Understanding Tested Mercury Levels in Seafood
Mercury levels in seafood are commonly reported as mercury concentration, measured in parts per million (ppm). Micro Analytical Systems, Inc. (MASI) tests all Safe Harbor Seafood® at processing facilities before it is delivered to retailers and restaurants. The mercury level that MASI measures is based on the mercury concentration in the fish at the time the test is performed. However, seafood typically loses some moisture between the time the fish leaves the processing facility and when it is consumed. This moisture loss may cause the mercury in the fish to become more concentrated. So although the total amount of mercury in any given fish does not change over time, later testing of the fish may show a higher concentration due to moisture loss.
How We Test Fish For Mercury
To test fish and seafood for mercury, MASI has developed a mercury analyzer that uses advanced, proprietary technology to precisely measure the amount of mercury in fish. A MASI technician at the harvesting, processing or distribution level takes a small sample from a piece of fish and inserts it into the MASI Multi-species Mercury Analyzer, which quickly analyzes it for mercury content. Fish that meet Safe Harbor® standards are labeled with the Safe Harbor seal and distributed to retail outlets and restaurants that prominently display the Safe Harbor seal.
In order to ensure accuracy, the MASI mercury analyzer is regularly calibrated using reference materials checked against standards set by the National Institute of Standards and Technology. MASI tests more seafood for mercury each year than any other company or government agency in the world.
What Is It?
Histamine is a product of decomposition caused by the growth of certain bacteria in seafood. In most cases histamine is a product of spoilage due to time and temperature abuse usually as a result of improper handling, temperature control and elevated levels of histamine producing bacteria in the marine environment. Fish containing high levels of histamine have been associated with many instances of poisoning commonly referred to as "scombroid poisoning," a major health problem for consumers. Scombrotoxic fish usually contains levels of histamine in excess of 200 ppm but such fish may be randomly dispersed within a lot. For large fish, histamine is found at variable levels even within individual fish. Quality control measures designed to minimize the occurrence of scombrotoxic fish require the determination of histamine levels in the range of approximately 10 to 200 ppm. The defect action level (DAL), the level at which regulatory actions are taken, for histamine is 50 ppm.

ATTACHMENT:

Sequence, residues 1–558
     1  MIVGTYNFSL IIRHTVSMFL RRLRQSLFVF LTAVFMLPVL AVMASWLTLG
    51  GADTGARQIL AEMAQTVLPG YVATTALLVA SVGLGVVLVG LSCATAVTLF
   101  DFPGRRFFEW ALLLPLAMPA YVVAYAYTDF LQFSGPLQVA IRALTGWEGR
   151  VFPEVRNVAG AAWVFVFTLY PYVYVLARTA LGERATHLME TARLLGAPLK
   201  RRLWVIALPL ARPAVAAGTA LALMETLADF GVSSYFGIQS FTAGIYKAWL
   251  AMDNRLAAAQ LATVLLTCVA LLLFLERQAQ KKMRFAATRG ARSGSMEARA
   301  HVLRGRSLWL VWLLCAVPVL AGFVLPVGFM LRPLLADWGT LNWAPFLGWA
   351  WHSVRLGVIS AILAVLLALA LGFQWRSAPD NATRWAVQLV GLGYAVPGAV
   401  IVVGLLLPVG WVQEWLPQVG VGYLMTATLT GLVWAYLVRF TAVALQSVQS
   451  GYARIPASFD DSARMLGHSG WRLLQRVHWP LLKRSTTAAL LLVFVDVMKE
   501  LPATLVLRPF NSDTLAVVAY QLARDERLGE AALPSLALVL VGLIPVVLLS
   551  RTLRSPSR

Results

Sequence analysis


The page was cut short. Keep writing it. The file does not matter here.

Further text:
How We Test for Histamine
MASI utilizes the competitive ELISA (Enzyme-linked immunosorbent assay) method intended for the screening of histamine in scombroid species of fish. The ELISA method is a biochemical technique used to detect the presence of an antibody or an antigen in a sample. In simple terms, in ELISA, an unknown amount of antigen is affixed to a surface, and then a specific antibody is applied over the surface so that it can bind to the antigen. This antibody is linked to an enzyme, and in the final step a substance is added that the enzyme can convert to some detectable signal, most commonly a color change in a chemical substrate. Testing takes approximately 45 minutes whereas other conventional testing measures take 48 hours at minimum.
Total histamine concentration in any given sample shall not exceed 50 ppm.
Bacterial Pathogens (Listeria mono., E. coli & Salmonella)
What Are They?
Pathogens are infectious agents that cause diseases to its host. Though there are many types of pathogens (including viral, bacterial and fungal), the most common form found in seafood is bacterial. Listeria monocytogenes, E. coli 0157:H7 and Salmonella fall under the bacterial category.